Cuernavaca sinkhole leads to review of Mexican highways

Monday, July 31, 2017

The massive sinkhole that formed on the three-month old Paso Exprés in the Mexican city of Cuernavaca on July 12 is bringing unexpected consequences for the country's road infrastructure sector, as official and media investigations have unveiled possible corruption and omissions by certain authorities.

As a direct result of the incident, transport and communications ministry SCT, along with the state offices of national water authority Conagua and civil protection body CNPC, will carry out a comprehensive review to determine the state of all the country's toll and non-toll federal highways.

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The announcement was made by transport minister Gerardo Ruiz Esparza (pictured) during a meeting Friday with the delegates of the ministry in the country's 32 states, which was broadcast live.

At the event, Ruiz Esparza also admitted that the sinkhole incident may have been caused by negligence on the part of the consortium that built the highway.

"Based on the preliminary results of the technical review and other investigations that the SCT has been carrying out on the affected section of highway, as well as on the preliminary opinion of independent experts, we have detected possible faults, defects and omissions by public officials and the companies comprising the Aldesa-Eppcor consortium," said the transport minister.

Ruiz Esparza noted that those responsible will face legal consequences if the aforementioned acts are confirmed.

In addition, the minister said that the comptroller unit of anti-graft ministry SFP has requested that the SCT report on the probe that a group of specialist is currently carrying out into the incident, as well as on any other investigation undertaken by the transport ministry.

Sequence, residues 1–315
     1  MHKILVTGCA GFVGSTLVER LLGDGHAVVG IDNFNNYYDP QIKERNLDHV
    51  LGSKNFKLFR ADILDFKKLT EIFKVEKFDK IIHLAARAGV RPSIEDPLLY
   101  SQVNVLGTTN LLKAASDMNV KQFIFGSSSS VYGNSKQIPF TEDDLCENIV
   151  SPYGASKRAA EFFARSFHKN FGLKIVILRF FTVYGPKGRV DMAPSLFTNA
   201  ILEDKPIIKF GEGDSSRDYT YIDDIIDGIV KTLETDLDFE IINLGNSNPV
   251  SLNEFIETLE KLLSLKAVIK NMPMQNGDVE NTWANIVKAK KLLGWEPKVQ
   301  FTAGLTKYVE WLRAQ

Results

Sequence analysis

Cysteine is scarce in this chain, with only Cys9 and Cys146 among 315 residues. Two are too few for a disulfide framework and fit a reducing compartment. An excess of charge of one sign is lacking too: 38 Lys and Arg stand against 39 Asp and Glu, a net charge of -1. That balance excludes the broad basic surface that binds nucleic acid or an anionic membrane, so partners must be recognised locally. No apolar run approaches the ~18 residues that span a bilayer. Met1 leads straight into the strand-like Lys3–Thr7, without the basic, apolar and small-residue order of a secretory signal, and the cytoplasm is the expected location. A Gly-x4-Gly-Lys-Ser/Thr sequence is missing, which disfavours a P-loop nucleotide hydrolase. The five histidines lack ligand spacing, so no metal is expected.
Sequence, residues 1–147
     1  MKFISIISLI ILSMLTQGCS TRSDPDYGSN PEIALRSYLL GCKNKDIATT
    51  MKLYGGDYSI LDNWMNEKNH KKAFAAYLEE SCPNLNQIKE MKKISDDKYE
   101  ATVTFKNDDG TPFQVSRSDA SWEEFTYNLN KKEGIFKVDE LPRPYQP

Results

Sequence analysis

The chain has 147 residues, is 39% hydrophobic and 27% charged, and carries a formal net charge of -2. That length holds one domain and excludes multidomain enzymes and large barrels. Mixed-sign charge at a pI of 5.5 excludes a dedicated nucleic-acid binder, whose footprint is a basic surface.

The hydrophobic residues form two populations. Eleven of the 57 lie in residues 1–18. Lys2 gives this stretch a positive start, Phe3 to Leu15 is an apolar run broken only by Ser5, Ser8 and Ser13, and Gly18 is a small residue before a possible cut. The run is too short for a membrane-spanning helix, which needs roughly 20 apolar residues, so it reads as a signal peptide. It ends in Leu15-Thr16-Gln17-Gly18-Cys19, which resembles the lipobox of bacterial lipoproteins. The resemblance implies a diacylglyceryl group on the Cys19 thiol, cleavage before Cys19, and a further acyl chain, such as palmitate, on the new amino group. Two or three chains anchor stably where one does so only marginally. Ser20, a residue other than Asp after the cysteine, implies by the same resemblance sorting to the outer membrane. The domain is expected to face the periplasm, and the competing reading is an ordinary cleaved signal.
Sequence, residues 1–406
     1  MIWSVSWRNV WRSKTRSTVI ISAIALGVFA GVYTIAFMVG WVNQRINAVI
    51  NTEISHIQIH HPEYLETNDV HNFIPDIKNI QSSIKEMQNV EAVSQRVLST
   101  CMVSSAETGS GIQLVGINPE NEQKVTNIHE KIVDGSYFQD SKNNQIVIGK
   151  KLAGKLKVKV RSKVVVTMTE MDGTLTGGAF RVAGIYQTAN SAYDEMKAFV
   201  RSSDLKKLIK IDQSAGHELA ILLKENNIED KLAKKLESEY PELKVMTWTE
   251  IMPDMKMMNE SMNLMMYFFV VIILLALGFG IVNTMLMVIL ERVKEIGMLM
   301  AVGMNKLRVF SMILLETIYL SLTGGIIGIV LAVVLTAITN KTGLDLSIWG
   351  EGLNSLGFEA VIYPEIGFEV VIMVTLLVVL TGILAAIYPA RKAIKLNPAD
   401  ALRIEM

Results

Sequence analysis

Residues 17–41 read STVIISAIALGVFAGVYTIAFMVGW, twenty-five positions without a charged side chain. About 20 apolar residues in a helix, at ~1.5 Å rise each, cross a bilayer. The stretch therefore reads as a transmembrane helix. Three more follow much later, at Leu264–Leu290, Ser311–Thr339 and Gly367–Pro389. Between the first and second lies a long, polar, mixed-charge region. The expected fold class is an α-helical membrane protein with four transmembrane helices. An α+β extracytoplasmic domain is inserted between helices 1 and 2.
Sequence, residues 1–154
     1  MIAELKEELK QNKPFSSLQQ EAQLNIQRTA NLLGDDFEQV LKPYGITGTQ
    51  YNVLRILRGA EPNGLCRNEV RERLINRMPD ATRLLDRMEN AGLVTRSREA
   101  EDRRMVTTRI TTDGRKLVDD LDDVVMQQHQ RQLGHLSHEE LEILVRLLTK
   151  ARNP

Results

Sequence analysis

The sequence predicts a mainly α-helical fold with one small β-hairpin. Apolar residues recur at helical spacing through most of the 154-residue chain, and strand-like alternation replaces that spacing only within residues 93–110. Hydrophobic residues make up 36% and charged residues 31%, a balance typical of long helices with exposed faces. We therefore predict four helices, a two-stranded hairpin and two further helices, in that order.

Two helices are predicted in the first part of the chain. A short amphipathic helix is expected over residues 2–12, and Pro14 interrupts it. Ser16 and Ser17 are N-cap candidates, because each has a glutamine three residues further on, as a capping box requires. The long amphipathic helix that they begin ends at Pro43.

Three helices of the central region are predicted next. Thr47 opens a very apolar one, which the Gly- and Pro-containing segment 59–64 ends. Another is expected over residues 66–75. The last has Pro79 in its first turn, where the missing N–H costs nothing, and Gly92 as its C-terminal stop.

Moreover, the SFP has called for a comprehensive audit to be done on the 14.5km Paso Exprés highway. This audit will be carried out by consultancy firm KPMG and specialized public works supervising firm Aries, with the aim of determining any faults, errors and omissions, as well as the technical conditions and construction quality of the highway.

Ruiz Esparza also announced that Conagua and the CNPC will be involved in reviewing the final design for the new bridge that is being built to replace the affected section of the highway.


The sinkhole incident is also bringing significant regulatory change for future public works to be carried out in the country.

The transport ministry announced that it will implement improved cooperation mechanisms with other government agencies, such as Conagua, when it comes to the development of public infrastructure projects.

The SCT will also said that it will review all the existing technical construction norms with the assistance of national and international specialists. This review is aimed at incorporating climate change concerns - such as the occurrence of torrential rains, increased frequency of hurricanes and the use of new construction materials and technologies - to the existing regulations.


Meanwhile, Spain-based Aldesa and local construction firm Epccor, members of the consortium that was responsible for building the highway, said in a joint statement that the project contract did not involve preparing a final design for the highway.

"The scope of our contract for the Paso Exprés only considered the execution of the specified works; it did not include the project design," reads the statement.

The companies argued that all works on the road complied with the instructions given in the design, and that the materials used were those indicated in that document.


Some nine months before the sinkhole incident, when the Paso Exprés highway was still under construction, the Aldesa-Eppcor consortium allegedly submitted two proposals to repair the drain running beneath the highway without receiving a response from the SCT, according to a report by local daily Reforma.

The paper had access to documents showing that the consortium submitted the proposals to local officials of the SCT delegation in Morelos state.

In the aftermath of the incident, the SCT had said that the sinkhole was the result of the erosion in the existing drain.